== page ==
Philosophy – Plato

Plato (428/427 BCE—348/347 BCE) was an ancient Greek philosopher, student of Socrates, teacher of Aristotle, and founder of the Academy, best known as the author of  philosophical works of unparalleled influence. He is arguably among the greatest philosophers who ever lived.

More about Plato and his philosophy:

How to read Plato:

  1. Plato wrote a number of books, most of which are written in dialogue format, where he or other philosophers are having conversations. One must get used to this format in order to understand better. Plato employed different tools in dialogue-writing through which he explained how human mind works and how through a rational conversation we can grow our knowledge.
  2. You can begin with Charmides which is quite short and relatively easier to read. In this dialogue, Socrates engages a handsome and popular boy in a conversation about the meaning of sophrosyne, a Greek word usually translated into English as “temperance”, “self-control”, or “restraint”. You will quickly realise how a simple concept raises a wide range of interesting questions.
  3. Phædo or Phaedo, also known to ancient readers as On The Soul, is one of the best-known dialogues of Plato’s middle period.
  4. Symposium is a book on love. It depicts a friendly contest of extemporaneous speeches given by a group of notable men attending a banquet. In these speeches (which are in praise of Eros), Eros is recognised both as erotic love, and as a phenomenon that is capable of inspiring courage, valour, great deeds and works, and vanquishing man’s natural fear of death. It is seen as transcending its earthly origins, and attaining spiritual heights.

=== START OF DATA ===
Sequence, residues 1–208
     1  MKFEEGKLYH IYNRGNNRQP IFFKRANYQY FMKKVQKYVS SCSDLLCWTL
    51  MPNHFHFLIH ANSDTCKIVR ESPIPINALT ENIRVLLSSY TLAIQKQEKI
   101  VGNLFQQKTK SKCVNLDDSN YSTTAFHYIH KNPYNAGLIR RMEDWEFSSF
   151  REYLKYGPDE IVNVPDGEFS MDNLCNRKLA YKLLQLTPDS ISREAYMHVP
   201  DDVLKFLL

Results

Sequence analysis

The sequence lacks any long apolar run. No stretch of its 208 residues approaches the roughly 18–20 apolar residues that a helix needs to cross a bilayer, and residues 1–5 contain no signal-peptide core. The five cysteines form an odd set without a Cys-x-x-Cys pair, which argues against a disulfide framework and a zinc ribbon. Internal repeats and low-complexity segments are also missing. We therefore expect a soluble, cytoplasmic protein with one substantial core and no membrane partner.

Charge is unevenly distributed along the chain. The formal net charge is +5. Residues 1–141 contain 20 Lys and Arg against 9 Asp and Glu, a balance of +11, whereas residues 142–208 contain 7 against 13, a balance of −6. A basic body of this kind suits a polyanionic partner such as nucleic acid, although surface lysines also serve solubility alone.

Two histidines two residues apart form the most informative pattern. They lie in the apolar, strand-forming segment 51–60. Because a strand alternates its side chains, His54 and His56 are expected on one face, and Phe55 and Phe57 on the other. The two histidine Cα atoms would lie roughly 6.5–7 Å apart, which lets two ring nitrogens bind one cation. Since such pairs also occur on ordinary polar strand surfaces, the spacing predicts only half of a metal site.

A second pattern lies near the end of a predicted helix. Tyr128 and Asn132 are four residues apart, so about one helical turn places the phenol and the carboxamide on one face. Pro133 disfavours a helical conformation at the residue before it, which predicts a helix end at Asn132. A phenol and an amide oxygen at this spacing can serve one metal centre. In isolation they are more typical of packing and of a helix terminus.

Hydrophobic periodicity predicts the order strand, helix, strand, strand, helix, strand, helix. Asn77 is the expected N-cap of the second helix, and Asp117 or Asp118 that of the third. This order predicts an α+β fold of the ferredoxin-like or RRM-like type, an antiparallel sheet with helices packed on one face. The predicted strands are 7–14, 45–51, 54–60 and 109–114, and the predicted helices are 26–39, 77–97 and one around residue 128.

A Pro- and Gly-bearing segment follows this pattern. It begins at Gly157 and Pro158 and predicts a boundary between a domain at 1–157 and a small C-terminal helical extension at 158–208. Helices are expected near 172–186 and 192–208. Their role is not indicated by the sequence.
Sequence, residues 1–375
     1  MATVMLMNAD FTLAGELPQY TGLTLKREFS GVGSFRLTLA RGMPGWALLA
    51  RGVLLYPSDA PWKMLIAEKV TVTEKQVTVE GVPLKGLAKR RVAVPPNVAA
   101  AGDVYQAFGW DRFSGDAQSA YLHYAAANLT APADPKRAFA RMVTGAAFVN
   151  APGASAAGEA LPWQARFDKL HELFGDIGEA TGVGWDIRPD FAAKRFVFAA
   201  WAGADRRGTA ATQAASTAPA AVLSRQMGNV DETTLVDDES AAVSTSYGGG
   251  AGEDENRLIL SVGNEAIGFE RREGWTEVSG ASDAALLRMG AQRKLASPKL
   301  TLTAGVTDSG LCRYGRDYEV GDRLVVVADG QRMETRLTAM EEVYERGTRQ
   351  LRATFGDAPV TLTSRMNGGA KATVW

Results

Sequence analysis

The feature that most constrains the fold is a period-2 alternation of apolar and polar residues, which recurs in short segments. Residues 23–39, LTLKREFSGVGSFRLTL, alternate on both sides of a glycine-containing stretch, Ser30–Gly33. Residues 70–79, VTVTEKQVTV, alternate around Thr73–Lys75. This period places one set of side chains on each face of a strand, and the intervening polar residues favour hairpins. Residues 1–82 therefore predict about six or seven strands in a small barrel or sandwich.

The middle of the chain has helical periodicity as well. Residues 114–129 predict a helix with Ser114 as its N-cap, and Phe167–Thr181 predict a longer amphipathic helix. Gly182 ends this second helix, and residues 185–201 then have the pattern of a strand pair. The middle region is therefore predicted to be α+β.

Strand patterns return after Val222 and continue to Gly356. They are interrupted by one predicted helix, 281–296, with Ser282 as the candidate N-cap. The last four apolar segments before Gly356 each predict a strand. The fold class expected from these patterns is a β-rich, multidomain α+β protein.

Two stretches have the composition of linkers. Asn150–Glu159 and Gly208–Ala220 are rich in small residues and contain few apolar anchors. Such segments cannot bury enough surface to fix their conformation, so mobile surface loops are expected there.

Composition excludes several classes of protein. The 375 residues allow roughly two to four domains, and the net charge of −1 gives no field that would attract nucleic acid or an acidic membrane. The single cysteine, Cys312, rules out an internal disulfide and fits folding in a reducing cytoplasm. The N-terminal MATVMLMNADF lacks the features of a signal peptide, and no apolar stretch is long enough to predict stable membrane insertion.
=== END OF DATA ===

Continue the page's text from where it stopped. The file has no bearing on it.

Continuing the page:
5. And then we come to Republic, perhaps Plato’s greatest work. In the book’s dialogue, Socrates discusses with various Athenians and foreigners about the meaning of justice and whether the just man is happier than the unjust man. They consider the natures of existing regimes and then propose a series of different, hypothetical cities in comparison, culminating in Kallipolis , a hypothetical city-state ruled by a philosopher king. They also discuss the theory of forms, the immortality of the soul, and the role of the philosopher and of poetry in society.

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